Nearly a year after the Indian Ocean tsunami swept away her parents, Suwanee Maliwan has at last found her father.
“The tsunami was the worst thing in my life,” a tearful Suwanee said after collecting the body of 40-year-old Udom, 11 months to the day the giant waves struck her fishing village, Ban Nam Khem, killing hundreds.
Her mother, Preeda, was identified in September by foreign experts involved in the world’s biggest forensics investigation on the Thai resort island of Phuket.
“If I could wish for something. I would wish to have my mother and father back,” said the shy 14-year-old, who also lost her grandmother and two aunts in the calamity that killed 5,395 people and left 2,817 missing in southern Thailand.
The bodies were identified by international forensic teams using fingerprints, dental records and DNA to put names to some 2,900 bodies since the Dec. 26 tragedy.
“Sometimes I think of the families and I tell myself that it allows me to help the families,” said Karin Leveder, a fingerprint officer with the French national police, who has spent two months at the Thai Tsunami Victim Identification Center (TTVI) on Phuket.
“It’s very satisfying to help make the match.”
Thai authorities say the operation has cost $72 million so far, and involved labs in China, Sweden and Britain, as well as the International Commission on Missing Persons in Sarajevo, which has expertise in obtaining DNA from low-quality samples.
The DVI center is now being moved to Bangkok where Thai experts will take over the job of identifying some 800 remaining bodies over the next year.
But for bereaved families still waiting for a body, the move from Phuket is worrying.
With some 500 remaining corpses believed to be of Thai origin, family members fear foreign governments are pulling out after their nationals are identified.
Jiraporn Paopat fears her 6-year-old son Chanawan, lost when 23-foot waves hit Ban Nam Khem, will never be found.
Her infant son, Puthitorn, was found dead just days after the disaster. But with no dental records, fingerprints or DNA, authorities have yet to find Chanawan.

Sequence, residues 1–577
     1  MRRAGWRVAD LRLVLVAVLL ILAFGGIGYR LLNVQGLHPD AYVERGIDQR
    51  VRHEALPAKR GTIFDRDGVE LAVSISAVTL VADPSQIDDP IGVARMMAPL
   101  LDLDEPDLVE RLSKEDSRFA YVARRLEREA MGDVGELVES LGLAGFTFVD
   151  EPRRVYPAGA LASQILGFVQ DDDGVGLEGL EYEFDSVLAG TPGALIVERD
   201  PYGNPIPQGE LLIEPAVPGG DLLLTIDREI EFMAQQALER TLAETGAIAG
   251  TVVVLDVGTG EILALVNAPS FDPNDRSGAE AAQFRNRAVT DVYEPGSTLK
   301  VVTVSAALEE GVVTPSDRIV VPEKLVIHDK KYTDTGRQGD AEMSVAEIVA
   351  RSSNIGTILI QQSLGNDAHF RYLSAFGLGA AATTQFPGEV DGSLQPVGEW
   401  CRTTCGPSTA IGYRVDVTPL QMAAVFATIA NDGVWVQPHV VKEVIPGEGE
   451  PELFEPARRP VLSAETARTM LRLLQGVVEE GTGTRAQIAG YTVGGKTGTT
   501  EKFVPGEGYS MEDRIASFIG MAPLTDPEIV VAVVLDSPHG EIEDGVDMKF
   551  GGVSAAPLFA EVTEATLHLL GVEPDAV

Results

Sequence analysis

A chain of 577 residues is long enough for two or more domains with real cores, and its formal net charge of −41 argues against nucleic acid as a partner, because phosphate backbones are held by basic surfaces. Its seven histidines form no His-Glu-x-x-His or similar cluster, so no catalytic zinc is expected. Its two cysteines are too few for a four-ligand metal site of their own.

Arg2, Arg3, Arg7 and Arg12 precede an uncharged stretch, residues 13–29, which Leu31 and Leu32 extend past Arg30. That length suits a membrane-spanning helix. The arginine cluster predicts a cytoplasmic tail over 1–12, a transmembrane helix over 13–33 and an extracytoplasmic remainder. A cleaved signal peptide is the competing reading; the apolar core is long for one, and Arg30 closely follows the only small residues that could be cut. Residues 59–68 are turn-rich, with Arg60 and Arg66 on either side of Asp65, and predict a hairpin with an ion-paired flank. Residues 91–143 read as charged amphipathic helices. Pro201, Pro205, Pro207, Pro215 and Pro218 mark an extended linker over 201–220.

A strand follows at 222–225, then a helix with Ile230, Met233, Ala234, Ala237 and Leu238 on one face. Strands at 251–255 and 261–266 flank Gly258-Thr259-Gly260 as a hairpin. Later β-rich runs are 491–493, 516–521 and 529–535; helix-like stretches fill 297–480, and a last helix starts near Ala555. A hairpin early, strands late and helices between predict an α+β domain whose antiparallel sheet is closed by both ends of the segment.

She cannot bear to hang pictures of them on the wall. Doctors gave her Valium to sleep.
“I’m worried that we’ll never find the body. What I want now is for my son to tell me in my dreams where his body is.”
Howard Way, the identification coordinator at the TTVI Center, said some foreign experts will stay for as long as they are needed after the handover to Thai police.
Officials with the TTVI team said about 25 experts, including staff from Australia, New Zealand and Britain, will remain in Thailand until February when their presence will be reviewed.
Despite the painstaking work, mistakes have been made.
In early December, Thai officials discovered that the bodies of at least eight tsunami victims, both Thai and foreign, had been misidentified and released to the wrong families.
They say the blunders happened in the immediate aftermath of the disaster when grieving relatives were allowed to visually identify their loved ones, even though bodies had decomposed beyond recognition.
Can't sleep by the sea
Suwanee and her 61-year-old grandfather, Hin Temna, cremated the bodies of her father and a 34-year-old aunt, Bussara, last month at a Buddhist temple in Ban Nam Khem, where Suwanee’s family lived.
After being too scared to sleep near the sea, she and her grandfather have moved into a one-room home in Ban Nam Khem built by the Thai government.
Hin Temna, a fisherman who says he will never return to the sea, now works as a security guard for 175 baht ($4.25) day.
“The big giant swept everything away -- my house, my wife, my daughters -- but I survived,” he said. “I have nothing left.”
Suwanee and her grandfather received 40,000 baht from the government in compensation for the death of her parents, and an additional 20,000 baht for property damaged by the waves.
A special Thai army scholarship program will also help Suwanee, who hopes to become a doctor as her father had wished.
But her mind is stuck on the Sunday morning her parents were caught by the massive waves as they returned from a fishing trip. Suwanee was watching from the shoreline and only managed to escape by fleeing on the back of a friend’s motorbike.
“Sometimes I cry. I don’t feel like I want to do anything. But then I tell myself I still have a brother,” she said.